According to Wyandotte County District Attorney Jerome A. Gorman, charges were filed against Zachary Taylor Garrett.

He was charged with attempted rape of a child under 14, attempted aggravated indecent liberties with a child under 14, and aggravated child endangerment.

The charges stemmed from an investigation into a posting on the website Craigslist that resulted in Garrett offering to provide a 2-year-old child to undercover agents for the purpose of sexual activity, according to the district attorney’s office.

The investigation was initiated several weeks ago near Springfield, Mo., and ultimately led to Garrett’s arrest in the 3300 block of North 59th Terrace in Kansas City, Kan.

Bond was set at $500,000.

The case was investigated by the Kansas City, Kan., Police Department, the Marshfield, Mo., Police Department and the Department of Homeland Security.

Report: Nearly 70 Kansas water systems violate EPA lead rules

by Bryan Thompson, KHI News Service

A new report from the Natural Resources Defense Council says more than 5,000 public water systems — including 68 in Kansas — are in violation of Environmental Protection Agency rules meant to protect people from lead in the water they drink.

Erik Olson, a health programs director with the council, a nonprofit international environmental organization, said those are just the systems that have been flagged. Many others — like the troubled Flint, Mich., system — don’t show up in the federal database.

“We are very concerned about severe under-reporting and gaming of the system by some drinking water suppliers to avoid finding lead problems,” he said during a Tuesday call with reporters. “In other words, basically a water system can avoid detecting lead in their water if they’re savvy and understand how the rules work.”

Olson said some systems test only in locations where they’re unlikely to find a high lead level — a tap that’s not served by lead pipes, for example.

“Some utilities have tested just in their employees’ homes, rather than targeting the high-risk homes that they’re supposed to do,” he said.

Other strategies Olson cited:

• Flushing all water from the pipes before taking a sample, to get rid of water that lead has leached into from lead plumbing.

• Removing the aerator from a faucet to get rid of lead particles that may have been captured in the screen.

• Using sample bottles with very narrow openings, so that the flow rate has to be minimized during the test. Faster water flow is more likely to disturb lead particles in the pipes.

“EPA finally, on February 29, issued a guidance document saying that water utilities should stop using three of the most widely used techniques, sort of tricky techniques, to avoid detecting lead,” Olson said. “EPA had known about these tricky techniques for many years, and there had been a lot of pressure on EPA to stop them, but the agency had not moved aggressively to stop water systems from using them.”

The report found that between 15 million and 22 million people nationwide have lead pipes bringing water to their homes from the water mains buried beneath the streets.

“It’s basically like sipping water out of a lead straw,” Olson said.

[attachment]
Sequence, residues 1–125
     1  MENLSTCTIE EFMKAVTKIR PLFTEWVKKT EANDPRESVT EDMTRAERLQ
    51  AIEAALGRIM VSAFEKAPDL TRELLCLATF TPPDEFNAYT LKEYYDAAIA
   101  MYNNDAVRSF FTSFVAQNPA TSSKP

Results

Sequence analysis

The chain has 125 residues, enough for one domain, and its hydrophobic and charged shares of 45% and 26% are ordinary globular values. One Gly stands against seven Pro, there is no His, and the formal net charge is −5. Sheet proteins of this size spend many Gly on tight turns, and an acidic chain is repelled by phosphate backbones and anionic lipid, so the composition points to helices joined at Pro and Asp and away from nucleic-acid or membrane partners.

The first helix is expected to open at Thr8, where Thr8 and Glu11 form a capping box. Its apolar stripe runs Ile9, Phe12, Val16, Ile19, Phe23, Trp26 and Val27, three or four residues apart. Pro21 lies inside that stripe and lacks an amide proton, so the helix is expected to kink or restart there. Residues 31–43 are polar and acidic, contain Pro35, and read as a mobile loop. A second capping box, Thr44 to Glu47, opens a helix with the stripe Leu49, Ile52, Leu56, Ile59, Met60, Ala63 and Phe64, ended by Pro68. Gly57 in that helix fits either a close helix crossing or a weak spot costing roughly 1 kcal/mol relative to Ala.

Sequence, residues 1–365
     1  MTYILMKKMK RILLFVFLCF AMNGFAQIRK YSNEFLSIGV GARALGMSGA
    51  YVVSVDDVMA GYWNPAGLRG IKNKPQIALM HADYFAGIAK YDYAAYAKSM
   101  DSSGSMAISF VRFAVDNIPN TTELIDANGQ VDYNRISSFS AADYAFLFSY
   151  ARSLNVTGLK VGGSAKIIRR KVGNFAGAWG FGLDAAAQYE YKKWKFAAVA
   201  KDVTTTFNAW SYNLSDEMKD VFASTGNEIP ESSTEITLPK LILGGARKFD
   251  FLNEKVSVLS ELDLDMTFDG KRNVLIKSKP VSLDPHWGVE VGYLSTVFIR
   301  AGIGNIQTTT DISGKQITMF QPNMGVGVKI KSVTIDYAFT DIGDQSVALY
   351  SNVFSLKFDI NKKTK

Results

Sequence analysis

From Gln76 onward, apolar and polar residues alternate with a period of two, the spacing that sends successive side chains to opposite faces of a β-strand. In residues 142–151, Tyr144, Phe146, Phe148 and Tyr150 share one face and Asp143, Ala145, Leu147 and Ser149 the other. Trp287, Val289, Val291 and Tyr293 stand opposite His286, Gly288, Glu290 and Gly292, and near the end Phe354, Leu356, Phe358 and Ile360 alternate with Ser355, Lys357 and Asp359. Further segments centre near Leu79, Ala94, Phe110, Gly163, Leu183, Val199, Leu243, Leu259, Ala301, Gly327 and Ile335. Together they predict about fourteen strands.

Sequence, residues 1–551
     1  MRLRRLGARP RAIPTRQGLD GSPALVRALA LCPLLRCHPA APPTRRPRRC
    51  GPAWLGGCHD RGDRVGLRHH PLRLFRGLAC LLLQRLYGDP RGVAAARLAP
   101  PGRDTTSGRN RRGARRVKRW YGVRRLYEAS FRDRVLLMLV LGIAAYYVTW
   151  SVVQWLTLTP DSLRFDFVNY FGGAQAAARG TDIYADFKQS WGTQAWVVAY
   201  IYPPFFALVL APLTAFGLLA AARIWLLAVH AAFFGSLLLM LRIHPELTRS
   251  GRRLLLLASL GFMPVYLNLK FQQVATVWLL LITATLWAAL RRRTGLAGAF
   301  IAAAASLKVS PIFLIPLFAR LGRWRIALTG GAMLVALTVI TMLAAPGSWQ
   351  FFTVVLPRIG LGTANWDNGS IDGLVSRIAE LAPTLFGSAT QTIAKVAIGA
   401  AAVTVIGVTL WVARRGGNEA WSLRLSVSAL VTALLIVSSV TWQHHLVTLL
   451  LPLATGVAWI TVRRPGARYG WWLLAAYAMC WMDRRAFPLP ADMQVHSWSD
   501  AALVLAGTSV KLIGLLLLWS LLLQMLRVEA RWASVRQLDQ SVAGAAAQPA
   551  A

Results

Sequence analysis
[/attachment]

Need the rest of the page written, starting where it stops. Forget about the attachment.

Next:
And enforcement of existing lead standards is lax. Almost 90 percent of water systems violating the rules never face any kind of formal enforcement action from state or federal agencies, according to the report. Only 3 percent faced any penalties.

“Basically, there’s no cop on the beat. We don’t have anyone making sure that the law is being complied with,” Olson said. “The bottom line is that providing safe drinking water to citizens is a fundamental government service. If you’re not doing that, you’re not doing your job.”

The report said water systems in 18 Kansas counties were cited for exceeding allowable lead levels. No locations in Wyandotte County were on the list.

The highest lead level reported in Kansas last year was at the Sundowner West Mobile Home Park west of Salina. While the federal limit for lead in drinking water is 15 parts per billion, one sample at Sundowner West contained 647 parts per billion. Officials with the Kansas Department of Health and Environment are leading an investigation after tests by local doctors this year found elevated lead levels in the blood of 32 Saline County children — most of them from Salina.

The report cited two Kansas water systems — the city of Mullinville, a small town in Kiowa County, and Saline County Rural Water District 7 — for health violations, which means they failed to take required steps to protect their customers from lead.

To see a list of Kansas water systems with violations, visit

Sen. Dick Durbin, an Illinois Democrat, said the report highlights an important public health issue.

“Flint, Michigan, was a wake-up call for America,” he said. “Once we saw the terrible outcome in that city when gross negligence or worse led to children and many others being exposed to high levels of lead in their water, people started looking around, saying, ‘What about my water?’”

Durbin is co-sponsoring a bill called the Copper and Lead Evaluation, Assessment and Reporting Act that calls for the EPA to develop ways to improve reporting, testing and monitoring of copper and lead in drinking water.

The nonprofit KHI News Service is an editorially independent initiative of the Kansas Health Institute and a partner in the Heartland Health Monitor reporting collaboration. All stories and photos may be republished at no cost with proper attribution and a link back to when a story is reposted online.